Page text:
Here’s how to handle sexual harassment complaints: Investigate fast and fix any problems you find. Then don’t fear legitimate discipline afterwards.
Recent case: Katheryn filed an internal complaint alleging that she was being sexually harassed at work. The employer investigated and concluded that both Katheryn and the man she accused had engaged in inappropriate behavior (She apparently texted him an explicit photo.)
Almost two years later, Katheryn was fired for a variety of offenses, including texting while driving her employer’s car.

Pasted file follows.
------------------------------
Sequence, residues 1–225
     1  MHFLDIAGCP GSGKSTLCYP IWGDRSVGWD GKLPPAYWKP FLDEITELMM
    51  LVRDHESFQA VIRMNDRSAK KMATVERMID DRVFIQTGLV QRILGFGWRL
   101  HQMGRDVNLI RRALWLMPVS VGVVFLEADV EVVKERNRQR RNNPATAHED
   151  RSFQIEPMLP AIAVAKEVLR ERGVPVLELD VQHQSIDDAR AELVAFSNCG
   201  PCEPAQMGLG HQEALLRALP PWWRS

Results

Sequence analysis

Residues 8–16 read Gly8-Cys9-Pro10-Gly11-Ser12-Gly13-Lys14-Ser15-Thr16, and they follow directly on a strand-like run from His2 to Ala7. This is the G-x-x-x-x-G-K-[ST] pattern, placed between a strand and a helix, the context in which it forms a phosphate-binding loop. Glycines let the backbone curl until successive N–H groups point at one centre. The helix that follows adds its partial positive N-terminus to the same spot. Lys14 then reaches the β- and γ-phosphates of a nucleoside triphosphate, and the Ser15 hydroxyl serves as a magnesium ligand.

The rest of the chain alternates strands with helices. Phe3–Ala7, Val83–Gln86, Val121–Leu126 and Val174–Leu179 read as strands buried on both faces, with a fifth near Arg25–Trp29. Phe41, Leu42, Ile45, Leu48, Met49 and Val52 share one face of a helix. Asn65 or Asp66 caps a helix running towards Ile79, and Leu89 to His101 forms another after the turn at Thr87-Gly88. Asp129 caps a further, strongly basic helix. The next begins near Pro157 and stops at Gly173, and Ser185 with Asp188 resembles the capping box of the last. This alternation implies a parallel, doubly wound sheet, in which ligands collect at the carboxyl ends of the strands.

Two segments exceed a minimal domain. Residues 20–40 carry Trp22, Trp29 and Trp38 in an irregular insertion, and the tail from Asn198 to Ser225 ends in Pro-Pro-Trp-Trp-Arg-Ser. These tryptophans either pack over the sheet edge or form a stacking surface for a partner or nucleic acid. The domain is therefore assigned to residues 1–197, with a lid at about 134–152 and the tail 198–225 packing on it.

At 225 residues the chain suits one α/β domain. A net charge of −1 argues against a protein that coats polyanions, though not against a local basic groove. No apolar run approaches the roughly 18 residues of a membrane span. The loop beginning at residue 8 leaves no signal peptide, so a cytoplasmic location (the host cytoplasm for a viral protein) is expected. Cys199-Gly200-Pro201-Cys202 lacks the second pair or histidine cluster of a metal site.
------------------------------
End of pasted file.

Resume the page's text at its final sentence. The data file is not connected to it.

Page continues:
She sued for sexual harassment and retaliation, but didn’t get far. The court said the employer had fixed the harassment problem earlier and that there was no evidence Katheryn was fired in retaliation two years later. (Johnson v. North Carolina, No. 5:11-CV-57, WD NC, 2013)
- How to Fire an Employee the Legal Way: 6 Termination Guidelines
- Stop harassment (and cut liability) with comprehensive training
- Indefinite leave of absence isn't a reasonable accommodation
- Internal wage-and-hour complaints don't count as 'testimony' in FLSA retaliation cases
- Romance policies that work--even with 'irresistible' employees